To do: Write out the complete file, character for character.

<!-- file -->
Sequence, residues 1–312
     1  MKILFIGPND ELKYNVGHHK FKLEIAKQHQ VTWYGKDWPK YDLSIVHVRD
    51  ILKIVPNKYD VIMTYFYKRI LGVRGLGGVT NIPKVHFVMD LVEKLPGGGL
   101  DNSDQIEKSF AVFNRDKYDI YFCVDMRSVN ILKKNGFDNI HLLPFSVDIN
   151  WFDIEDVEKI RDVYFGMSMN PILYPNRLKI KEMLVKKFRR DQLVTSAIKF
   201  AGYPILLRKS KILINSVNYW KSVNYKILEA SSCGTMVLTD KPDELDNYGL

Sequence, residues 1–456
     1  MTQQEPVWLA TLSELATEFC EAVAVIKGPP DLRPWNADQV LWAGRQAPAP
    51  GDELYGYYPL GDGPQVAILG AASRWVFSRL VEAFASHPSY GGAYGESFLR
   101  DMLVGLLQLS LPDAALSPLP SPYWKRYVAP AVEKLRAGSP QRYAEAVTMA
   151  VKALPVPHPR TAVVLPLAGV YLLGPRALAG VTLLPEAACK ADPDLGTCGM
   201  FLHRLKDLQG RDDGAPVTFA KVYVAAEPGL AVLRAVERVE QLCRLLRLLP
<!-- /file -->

Sequence, residues 1–312
     1  MKILFIGPND ELKYNVGHHK FKLEIAKQHQ VTWYGKDWPK YDLSIVHVRD
    51  ILKIVPNKYD VIMTYFYKRI LGVRGLGGVT NIPKVHFVMD LVEKLPGGGL
   101  DNSDQIEKSF AVFNRDKYDI YFCVDMRSVN ILKKNGFDNI HLLPFSVDIN
   151  WFDIEDVEKI RDVYFGMSMN PILYPNRLKI KEMLVKKFRR DQLVTSAIKF
   201  AGYPILLRKS KILINSVNYW KSVNYKILEA SSCGTMVLTD KPDELDNYGL

Sequence, residues 1–456
     1  MTQQEPVWLA TLSELATEFC EAVAVIKGPP DLRPWNADQV LWAGRQAPAP
    51  GDELYGYYPL GDGPQVAILG AASRWVFSRL VEAFASHPSY GGAYGESFLR
   101  DMLVGLLQLS LPDAALSPLP SPYWKRYVAP AVEKLRAGSP QRYAEAVTMA
   151  VKALPVPHPR TAVVLPLAGV YLLGPRALAG VTLLPEAACK ADPDLGTCGM
   201  FLHRLKDLQG RDDGAPVTFA KVYVAAEPGL AVLRAVERVE QLCRLLRLLP